Bible group illumiNations Alliance has just launched what is being touted as the “world’s largest translation effort”—a campaign to translate the Bible into every language in the next 12 years.
One billion people still don’t have access to a Bible in their own language, according to illumiNations. These people speak more than half of the world’s 7,000+ languages.
But illumiNations aims to change that. If successful, the “Translating the Bible for All” campaign will result in a Bible in every language in the world by 2033.
The campaign set the date at 2033 because it was a significant date in the history of the church, said John Chestnut, CEO and President of Wycliffe Bible Translators, a major partner of illumiNations. It’s the 2000-year anniversary of Jesus’s resurrection.
IllumiNations is a fundraising branch of the Bible translation group, Every Tribe Every Nation and doesn’t translate Bibles itself. Instead, it raises and distributes funds to Bible translators, like Wycliffe Bible Translators. All funds given to illumiNations by individual donors and churches for the Translating the Bible campaign will go to partner agencies for Bible translation projects, said Wycliffe’s John Chestnut.
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Some have questioned whether it makes sense to translate the Bible into every language, since most all people speak one of the languages in which the Bible is currently available. Plus, about 90% of the world’s smallest languages are likely to disappear in the next century, according to The Language Conservancy.
Yet Chestnut said: “We reject the idea that some don’t deserve access to Scripture in the language they know best. All human beings, no matter the size of their language group, deserve access to the Word of God in the language they understand best. There is no asterisk on the Great Commission that exempts groups that are small or hard to get to.”
Video testimonies on illumiNations website show the impact Bible translations have on the lives of Christians.
“Before my mother died, I was able to read her Psalm 139 in Yupik,” said Walkie, an Alaskan Yupik speaker. “And she said, ‘Oh! So that is what it means to us!’”
“Reading the Bible in Choctaw, it takes on a completely new meaning,” Choctaw speaker Elsie said to the project. “You become fully aware of the Bible’s message. You understand it on a deeper level, and you can feel your connection with God.”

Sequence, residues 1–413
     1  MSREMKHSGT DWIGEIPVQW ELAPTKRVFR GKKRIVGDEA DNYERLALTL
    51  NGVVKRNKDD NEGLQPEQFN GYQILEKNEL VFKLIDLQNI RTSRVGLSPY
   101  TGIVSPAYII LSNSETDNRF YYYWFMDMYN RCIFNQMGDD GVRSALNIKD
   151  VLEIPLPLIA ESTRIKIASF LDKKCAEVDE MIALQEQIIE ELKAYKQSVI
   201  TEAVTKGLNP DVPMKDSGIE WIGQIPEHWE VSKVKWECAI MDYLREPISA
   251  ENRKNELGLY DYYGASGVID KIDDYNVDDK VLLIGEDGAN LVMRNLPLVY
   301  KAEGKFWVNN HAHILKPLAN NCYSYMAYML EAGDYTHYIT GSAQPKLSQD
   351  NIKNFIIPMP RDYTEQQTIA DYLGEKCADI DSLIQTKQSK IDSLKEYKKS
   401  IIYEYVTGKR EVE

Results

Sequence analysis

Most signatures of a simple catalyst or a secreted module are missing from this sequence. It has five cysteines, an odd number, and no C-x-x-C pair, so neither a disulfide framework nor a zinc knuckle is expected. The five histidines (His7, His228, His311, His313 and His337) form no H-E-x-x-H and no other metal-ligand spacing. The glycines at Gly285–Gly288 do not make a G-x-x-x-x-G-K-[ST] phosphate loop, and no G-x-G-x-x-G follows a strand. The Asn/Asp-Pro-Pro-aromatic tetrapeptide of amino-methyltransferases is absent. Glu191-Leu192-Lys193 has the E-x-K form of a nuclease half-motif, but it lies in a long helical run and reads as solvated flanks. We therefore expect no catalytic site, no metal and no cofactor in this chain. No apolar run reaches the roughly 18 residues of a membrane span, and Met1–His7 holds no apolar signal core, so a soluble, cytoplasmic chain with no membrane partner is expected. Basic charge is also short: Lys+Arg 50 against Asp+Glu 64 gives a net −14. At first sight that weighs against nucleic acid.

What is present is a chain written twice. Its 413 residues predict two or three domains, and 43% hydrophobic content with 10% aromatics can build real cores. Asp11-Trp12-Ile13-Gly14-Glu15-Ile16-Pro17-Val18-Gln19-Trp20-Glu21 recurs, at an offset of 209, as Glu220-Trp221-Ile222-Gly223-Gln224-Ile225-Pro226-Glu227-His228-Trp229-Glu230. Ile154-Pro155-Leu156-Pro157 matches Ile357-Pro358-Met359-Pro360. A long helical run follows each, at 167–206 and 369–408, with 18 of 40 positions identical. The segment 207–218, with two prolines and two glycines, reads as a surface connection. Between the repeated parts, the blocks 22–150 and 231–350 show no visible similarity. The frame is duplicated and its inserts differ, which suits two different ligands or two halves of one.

Before the 1980s, it took up to 30 years to complete a translation, according to the American Bible Society (ABS). But due to computers, the time it takes to translate was cut to about three years in 2010.
The ambitious goal of a Bible in every language by 2033 relies on technological innovations that have massively increased the speed of Bible translation.
These advances have helped keep Bible translation continue despite the COVID-19 pandemic, Chestnut said. He added that digital infrastructure and support from local churches have proven crucial. Still, the pandemic has set back translation efforts in parts of the world with bad Internet access.
Most of the people without a Bible in their own language live in Asia and Africa, according to the illumiNations website. Many of them are Christians, but have never had the opportunity to read the Bible.
“While it’s difficult to put a price tag on life transformation, illumiNations wants to help investors understand the monumental task of making God’s Word available to all people,” the group’s website reads.
Bible translation costs can vary, but usually cost about $35 per verse. In a complete Bible, there are 31,102 verses, which costs a little over $1 million to translate.
Christians have enthusiastically helped translation projects so far. One women’s conference raised over $1.6 million toward one Bible translation for an Ethiopian language and another language spoken in another country where churches meet in secret.
Jackson Elliott is a Christian journalist trained at Northwestern University. He has worked at The Daily Signal, The Inlander, and The Christian Post, covering topics ranging from D.C. politics to prison ministry. His interests include the Bible, philosophy, theology, Russian literature, and Irish music.